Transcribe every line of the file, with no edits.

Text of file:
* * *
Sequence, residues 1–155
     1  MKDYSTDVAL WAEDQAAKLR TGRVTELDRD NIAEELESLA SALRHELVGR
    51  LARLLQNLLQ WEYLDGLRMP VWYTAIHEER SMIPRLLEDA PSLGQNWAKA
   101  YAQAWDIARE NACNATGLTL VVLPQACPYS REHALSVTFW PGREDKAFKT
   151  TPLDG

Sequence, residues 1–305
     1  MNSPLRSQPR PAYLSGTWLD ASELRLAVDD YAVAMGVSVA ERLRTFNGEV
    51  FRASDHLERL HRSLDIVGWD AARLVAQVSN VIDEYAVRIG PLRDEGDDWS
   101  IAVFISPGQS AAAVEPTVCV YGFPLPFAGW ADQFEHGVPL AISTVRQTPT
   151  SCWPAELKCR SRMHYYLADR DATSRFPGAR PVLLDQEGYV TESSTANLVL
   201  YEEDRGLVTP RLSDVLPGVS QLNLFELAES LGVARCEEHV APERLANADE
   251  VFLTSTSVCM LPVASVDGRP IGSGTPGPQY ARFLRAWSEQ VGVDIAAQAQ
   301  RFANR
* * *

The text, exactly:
Sequence, residues 1–155
     1  MKDYSTDVAL WAEDQAAKLR TGRVTELDRD NIAEELESLA SALRHELVGR
    51  LARLLQNLLQ WEYLDGLRMP VWYTAIHEER SMIPRLLEDA PSLGQNWAKA
   101  YAQAWDIARE NACNATGLTL VVLPQACPYS REHALSVTFW PGREDKAFKT
   151  TPLDG

Sequence, residues 1–305
     1  MNSPLRSQPR PAYLSGTWLD ASELRLAVDD YAVAMGVSVA ERLRTFNGEV
    51  FRASDHLERL HRSLDIVGWD AARLVAQVSN VIDEYAVRIG PLRDEGDDWS
   101  IAVFISPGQS AAAVEPTVCV YGFPLPFAGW ADQFEHGVPL AISTVRQTPT
   151  SCWPAELKCR SRMHYYLADR DATSRFPGAR PVLLDQEGYV TESSTANLVL
   201  YEEDRGLVTP RLSDVLPGVS QLNLFELAES LGVARCEEHV APERLANADE
   251  VFLTSTSVCM LPVASVDGRP IGSGTPGPQY ARFLRAWSEQ VGVDIAAQAQ
   301  RFANR